Geraldo No Last Name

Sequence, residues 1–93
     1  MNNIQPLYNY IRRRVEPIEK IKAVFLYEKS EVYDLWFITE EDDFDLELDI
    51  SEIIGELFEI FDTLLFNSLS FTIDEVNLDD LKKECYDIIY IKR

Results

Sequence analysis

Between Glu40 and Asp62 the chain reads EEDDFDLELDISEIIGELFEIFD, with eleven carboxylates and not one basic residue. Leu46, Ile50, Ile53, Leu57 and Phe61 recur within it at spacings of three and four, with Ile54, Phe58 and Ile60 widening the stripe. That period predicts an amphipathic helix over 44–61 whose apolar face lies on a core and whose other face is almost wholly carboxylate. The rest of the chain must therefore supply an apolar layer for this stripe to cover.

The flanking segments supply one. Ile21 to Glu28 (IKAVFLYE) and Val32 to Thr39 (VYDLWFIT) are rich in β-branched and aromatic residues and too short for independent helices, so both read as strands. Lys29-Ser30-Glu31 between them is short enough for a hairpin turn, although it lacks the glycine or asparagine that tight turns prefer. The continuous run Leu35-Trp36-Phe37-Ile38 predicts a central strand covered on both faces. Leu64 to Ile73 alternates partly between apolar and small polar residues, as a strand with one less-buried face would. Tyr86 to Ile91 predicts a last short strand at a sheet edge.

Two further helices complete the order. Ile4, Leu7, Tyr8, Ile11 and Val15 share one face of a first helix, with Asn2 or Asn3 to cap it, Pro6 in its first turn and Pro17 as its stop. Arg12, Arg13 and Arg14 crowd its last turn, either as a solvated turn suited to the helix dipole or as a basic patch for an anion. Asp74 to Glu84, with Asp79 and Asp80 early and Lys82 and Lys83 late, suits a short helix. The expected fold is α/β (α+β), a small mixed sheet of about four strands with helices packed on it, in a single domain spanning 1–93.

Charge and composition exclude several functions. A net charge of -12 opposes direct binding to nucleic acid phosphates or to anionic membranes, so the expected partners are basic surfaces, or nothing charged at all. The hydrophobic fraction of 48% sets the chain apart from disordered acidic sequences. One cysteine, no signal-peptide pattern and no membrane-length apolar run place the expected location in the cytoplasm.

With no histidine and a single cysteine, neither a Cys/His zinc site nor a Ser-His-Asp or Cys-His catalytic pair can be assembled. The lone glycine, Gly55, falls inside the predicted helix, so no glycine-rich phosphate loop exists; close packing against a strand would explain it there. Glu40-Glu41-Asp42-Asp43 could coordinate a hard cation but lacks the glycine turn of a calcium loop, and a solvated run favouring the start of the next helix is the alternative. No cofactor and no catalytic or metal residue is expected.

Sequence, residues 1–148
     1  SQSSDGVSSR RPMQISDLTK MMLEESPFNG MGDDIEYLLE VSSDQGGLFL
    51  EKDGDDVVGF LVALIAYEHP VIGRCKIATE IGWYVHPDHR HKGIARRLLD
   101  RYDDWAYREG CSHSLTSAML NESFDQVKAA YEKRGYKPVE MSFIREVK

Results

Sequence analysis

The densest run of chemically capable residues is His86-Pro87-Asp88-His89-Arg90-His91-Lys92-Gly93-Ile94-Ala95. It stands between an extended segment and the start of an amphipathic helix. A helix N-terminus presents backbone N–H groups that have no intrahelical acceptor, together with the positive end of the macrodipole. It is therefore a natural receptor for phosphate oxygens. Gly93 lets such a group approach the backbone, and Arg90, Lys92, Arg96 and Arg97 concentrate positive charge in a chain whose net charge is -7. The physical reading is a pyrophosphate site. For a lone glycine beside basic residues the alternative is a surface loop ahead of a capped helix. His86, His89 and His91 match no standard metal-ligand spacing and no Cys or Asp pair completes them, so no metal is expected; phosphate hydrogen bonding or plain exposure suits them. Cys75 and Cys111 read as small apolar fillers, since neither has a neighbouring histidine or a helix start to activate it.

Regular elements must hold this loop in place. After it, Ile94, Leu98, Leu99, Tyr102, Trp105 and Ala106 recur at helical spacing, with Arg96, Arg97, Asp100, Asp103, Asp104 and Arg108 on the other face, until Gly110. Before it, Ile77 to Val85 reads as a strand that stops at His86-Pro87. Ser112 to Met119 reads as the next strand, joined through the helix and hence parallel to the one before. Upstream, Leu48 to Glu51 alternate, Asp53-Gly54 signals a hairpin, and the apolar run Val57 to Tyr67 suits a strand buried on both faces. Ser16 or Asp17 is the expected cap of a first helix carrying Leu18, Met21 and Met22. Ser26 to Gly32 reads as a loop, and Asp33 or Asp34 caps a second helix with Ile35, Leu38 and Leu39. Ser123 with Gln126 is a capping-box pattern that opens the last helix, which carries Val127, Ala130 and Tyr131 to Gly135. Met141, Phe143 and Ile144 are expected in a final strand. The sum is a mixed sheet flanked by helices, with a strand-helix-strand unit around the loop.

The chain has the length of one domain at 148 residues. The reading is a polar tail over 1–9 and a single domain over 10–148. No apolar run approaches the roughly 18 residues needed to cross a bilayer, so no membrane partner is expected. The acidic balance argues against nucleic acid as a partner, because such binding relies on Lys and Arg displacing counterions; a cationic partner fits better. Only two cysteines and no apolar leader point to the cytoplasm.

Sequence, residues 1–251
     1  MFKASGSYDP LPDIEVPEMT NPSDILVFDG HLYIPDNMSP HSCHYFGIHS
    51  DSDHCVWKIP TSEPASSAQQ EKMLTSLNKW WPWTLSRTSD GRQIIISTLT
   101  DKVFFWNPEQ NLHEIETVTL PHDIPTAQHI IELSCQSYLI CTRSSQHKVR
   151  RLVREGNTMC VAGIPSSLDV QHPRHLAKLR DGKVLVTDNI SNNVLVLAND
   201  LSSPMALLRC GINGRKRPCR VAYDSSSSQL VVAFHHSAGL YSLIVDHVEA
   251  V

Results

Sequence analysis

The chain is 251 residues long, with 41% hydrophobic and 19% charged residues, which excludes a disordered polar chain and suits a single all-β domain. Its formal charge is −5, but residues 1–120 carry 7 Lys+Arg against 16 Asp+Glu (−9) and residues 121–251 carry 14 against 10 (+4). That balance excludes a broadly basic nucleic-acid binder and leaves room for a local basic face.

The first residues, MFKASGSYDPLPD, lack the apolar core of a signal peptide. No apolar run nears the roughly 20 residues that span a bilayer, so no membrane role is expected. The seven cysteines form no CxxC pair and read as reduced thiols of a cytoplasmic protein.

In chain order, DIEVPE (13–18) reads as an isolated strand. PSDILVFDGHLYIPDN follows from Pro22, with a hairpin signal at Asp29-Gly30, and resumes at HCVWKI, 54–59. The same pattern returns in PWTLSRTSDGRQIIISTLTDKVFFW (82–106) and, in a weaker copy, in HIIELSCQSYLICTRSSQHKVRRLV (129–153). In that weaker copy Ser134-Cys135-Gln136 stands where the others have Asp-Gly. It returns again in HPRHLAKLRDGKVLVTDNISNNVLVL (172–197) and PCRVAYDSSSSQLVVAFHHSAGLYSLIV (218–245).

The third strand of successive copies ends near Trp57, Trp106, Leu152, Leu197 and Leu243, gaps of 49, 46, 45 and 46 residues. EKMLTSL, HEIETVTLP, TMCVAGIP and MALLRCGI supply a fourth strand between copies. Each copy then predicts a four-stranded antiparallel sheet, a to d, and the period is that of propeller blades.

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WRTG 101 14 July 2014 “Geraldo No Last Name” a vignette and an excerpt from The House on Mango Street. In this vignette, the main protagonist Marin meets a boy named Geraldo while dancing. Geraldo becomes the victim of a hit and run car accident and is taken to the hospital where he later dies. Marin, who accompanies Geraldo to the hospital, is left distraught both by the accident itself and the experiences she has after the fact and is faced with some unexpected realizations about the society she lives in. Sandra Cisneros’ portrayal of Marin and Geraldo give insights to her own childhood experiences as well to the plight of Chicano's and Chicana's in America. As the story unfolds it is clear that Marin still retains some of the shelter offered by youth. “Marin, she goes to all those dances. Uptown. Logan. Embassy. Palmer. Aragon. Fontana. The Mannor. She Likes to dance” (Cisneros 2). Marin is free to go to all the dances because she is not yet weighed down by the responsibilities of being an adult. Geraldo is simply someone she danced with and that is enough for her. This youthful innocence is shattered in short order as Marin witnesses Geraldo's untimely passing and the meager efforts to save, identify, and notify his family. Marin's distraught attitude at the death of Geraldo is not simply a result of knowing someone who died, but also at the indifference with which the whole affair seems to be handled. The fact that she spent “hours and hours” (Cisneros 4) and Marin's statements of “And maybe if the surgeon would’ve come, maybe if he hadn’t lost so much blood, if the surgeon had only come, they would know who to notify and where.” (4) allude to the fact that Geraldo's death was not inevitable. Rather, it seems that there is no sense of urgency as the surgeon never even bothers to show up. So too, the line of questioning Marin experiences,
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